The Improvement of Torsion Assessed by Cardiovascular Magnetic Resonance Feature Tracking after Coronary Artery Bypass Grafting: A Sensitive Index of Cardiac Function
Objective: The aim of this study was to quantify left ventricular torsion by newly applied cardiovascular magnetic resonance feature tracking (CMR-FT), and to evaluate the clinical value of the ventricular torsion as a sensitive indicator of cardiac function by comparison of preoperative and postoperative torsion.
Methods: A total of 54 volunteers and 36 patients with previous myocardial infarction (MI) and LV ejection fraction (EF) between 30%-50% were screened preoperatively or postoperatively by MRI. The patients’ short axis views of the whole heart were acquired, and all patients had a scar area >75% in at least one of the anterior or inferior segments. Their apical and basal rotation values were analyzed by feature tracking, and the correlation analysis was performed for the improvement of LV torsion and ejection fraction after CABG. The intra- and inter-observer reliabilities of torsion measured by CMR-FT were assessed.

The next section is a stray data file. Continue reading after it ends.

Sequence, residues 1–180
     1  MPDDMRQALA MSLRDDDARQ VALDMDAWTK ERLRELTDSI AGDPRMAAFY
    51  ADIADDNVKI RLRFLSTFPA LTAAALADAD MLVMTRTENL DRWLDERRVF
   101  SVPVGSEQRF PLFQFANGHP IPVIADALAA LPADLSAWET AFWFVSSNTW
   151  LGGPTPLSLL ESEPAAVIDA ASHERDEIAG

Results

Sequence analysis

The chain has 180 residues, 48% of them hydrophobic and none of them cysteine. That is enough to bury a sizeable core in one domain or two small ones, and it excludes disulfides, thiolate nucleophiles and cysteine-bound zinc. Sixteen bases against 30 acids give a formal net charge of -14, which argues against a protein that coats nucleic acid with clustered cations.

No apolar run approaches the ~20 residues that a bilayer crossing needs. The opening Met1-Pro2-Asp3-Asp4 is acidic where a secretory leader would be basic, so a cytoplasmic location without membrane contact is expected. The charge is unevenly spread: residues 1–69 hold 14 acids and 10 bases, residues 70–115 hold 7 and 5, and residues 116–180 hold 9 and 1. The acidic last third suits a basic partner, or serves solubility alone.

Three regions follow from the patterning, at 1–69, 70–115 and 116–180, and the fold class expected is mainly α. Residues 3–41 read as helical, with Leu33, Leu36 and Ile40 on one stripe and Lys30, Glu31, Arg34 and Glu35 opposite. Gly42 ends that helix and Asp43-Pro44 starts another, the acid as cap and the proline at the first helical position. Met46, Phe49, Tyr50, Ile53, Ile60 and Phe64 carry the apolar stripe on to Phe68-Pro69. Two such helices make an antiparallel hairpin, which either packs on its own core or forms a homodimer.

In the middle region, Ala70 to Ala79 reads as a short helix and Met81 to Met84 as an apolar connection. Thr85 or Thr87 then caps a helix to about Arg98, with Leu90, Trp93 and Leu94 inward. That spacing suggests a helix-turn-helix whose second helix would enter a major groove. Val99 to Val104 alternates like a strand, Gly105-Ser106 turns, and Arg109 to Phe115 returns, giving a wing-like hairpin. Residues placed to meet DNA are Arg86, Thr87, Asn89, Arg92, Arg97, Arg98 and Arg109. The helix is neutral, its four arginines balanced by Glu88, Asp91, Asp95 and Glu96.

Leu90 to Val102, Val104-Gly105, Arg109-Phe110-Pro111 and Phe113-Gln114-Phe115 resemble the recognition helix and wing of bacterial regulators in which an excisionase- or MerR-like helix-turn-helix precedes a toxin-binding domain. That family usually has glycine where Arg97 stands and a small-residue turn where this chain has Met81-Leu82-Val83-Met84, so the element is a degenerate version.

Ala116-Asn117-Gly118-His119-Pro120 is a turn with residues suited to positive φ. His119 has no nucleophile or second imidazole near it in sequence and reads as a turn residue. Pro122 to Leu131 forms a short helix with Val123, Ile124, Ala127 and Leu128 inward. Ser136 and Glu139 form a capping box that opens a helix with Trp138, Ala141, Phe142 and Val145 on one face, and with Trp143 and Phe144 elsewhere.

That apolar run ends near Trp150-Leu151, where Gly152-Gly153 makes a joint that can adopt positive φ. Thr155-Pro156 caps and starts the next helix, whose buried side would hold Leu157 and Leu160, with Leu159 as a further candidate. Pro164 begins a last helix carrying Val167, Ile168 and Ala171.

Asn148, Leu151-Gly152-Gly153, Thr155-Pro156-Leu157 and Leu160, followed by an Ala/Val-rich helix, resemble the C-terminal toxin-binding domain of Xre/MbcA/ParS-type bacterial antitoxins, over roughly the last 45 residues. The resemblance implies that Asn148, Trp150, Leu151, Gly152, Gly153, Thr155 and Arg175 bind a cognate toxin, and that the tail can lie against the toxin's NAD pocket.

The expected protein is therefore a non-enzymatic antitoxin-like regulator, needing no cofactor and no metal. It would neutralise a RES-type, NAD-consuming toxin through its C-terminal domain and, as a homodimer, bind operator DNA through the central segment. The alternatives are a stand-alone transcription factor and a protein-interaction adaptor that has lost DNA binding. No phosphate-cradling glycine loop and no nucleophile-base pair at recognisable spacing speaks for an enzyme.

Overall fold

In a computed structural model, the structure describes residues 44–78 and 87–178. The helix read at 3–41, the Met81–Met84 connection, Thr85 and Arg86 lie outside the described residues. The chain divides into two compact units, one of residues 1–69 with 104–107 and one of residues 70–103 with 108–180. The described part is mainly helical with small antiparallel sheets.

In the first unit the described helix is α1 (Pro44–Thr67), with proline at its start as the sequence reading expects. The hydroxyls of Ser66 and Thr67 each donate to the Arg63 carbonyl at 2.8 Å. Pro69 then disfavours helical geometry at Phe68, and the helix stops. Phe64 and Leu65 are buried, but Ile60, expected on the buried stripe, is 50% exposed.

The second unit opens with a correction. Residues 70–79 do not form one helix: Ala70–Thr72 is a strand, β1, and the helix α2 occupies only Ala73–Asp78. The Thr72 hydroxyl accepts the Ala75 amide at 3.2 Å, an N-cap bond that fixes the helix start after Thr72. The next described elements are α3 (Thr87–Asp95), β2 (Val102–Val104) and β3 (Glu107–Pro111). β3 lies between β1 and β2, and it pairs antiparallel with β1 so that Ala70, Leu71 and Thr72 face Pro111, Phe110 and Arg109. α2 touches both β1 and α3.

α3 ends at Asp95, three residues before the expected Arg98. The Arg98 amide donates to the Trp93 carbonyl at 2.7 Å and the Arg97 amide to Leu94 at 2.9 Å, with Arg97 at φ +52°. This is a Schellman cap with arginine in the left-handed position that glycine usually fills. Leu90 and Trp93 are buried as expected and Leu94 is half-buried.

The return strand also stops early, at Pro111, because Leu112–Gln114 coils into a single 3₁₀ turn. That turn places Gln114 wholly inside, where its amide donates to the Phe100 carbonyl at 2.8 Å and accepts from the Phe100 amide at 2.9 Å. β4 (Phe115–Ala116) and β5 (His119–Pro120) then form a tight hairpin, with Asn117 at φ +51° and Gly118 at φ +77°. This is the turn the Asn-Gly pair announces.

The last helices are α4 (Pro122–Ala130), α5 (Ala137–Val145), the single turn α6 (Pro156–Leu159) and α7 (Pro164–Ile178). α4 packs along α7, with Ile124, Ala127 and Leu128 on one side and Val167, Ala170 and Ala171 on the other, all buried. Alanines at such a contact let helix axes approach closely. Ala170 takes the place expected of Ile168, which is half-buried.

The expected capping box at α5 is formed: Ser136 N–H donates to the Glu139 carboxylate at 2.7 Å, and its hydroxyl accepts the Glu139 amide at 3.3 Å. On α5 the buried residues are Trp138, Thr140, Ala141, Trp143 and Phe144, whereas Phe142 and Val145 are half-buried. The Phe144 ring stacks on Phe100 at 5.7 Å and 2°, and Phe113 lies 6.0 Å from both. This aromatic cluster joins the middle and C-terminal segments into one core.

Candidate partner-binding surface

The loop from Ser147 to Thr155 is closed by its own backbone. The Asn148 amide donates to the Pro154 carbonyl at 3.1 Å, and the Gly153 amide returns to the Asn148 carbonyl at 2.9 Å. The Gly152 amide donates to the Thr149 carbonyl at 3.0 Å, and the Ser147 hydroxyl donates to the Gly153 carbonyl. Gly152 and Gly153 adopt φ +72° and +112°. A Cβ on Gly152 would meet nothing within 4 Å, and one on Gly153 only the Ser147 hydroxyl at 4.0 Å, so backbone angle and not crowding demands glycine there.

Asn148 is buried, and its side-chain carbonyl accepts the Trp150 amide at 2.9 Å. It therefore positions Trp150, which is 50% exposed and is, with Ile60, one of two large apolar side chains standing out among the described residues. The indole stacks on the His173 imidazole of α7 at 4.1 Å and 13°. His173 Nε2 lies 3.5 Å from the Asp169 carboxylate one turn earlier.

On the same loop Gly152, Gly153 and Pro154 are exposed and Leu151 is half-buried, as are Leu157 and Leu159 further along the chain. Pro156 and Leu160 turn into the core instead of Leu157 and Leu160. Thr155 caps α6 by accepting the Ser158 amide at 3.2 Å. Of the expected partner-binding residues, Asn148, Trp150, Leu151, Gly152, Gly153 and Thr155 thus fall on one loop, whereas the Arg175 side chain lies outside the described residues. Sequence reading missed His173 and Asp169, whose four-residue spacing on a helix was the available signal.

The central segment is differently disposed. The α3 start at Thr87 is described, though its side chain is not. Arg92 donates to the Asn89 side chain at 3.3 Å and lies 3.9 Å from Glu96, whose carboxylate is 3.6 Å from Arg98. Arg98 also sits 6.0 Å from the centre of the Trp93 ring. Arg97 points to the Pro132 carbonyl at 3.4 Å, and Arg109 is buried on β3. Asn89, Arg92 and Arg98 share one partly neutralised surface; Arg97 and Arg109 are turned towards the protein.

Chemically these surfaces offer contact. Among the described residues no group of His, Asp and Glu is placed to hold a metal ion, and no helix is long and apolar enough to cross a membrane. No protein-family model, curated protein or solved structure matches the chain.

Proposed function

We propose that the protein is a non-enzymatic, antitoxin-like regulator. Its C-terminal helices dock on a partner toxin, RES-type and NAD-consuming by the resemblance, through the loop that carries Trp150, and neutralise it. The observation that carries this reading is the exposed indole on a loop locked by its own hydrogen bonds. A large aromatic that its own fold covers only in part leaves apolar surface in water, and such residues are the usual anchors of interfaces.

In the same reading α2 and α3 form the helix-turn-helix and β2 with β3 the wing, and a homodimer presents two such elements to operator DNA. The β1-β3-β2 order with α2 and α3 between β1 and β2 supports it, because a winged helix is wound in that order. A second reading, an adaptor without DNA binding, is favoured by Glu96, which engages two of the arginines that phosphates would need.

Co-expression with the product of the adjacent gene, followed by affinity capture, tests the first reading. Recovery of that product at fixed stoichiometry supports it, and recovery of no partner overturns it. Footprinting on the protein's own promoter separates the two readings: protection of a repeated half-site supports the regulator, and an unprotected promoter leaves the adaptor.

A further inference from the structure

Results: In normal hearts, the apex rotated counterclockwise in the systolic period with the peak rotation as 10.2 Â± 4.8Â°, and the base rotated clockwise as the peak value was 7.0 Â± 3.3Â°. There was a timing hiatus between the apex and base untwisting, during which period the heart recoils and its suction sets the stage for the following rapid filling period. The postoperative torsion and rotation significantly improved compared with preoperative ones. However, the traditional indicator of cardiac function, ejection fraction, didn’t show significant improvement.
Conclusion: Left ventricular torsion derived from CMR-FT, which does not require specialized CMR sequences, was sensitive to patients with low ejection fraction whose cardiac function significantly improved after CABG. The rapid acquisition of this measurement has potential for the assessment of cardiac function in clinical practice.Â
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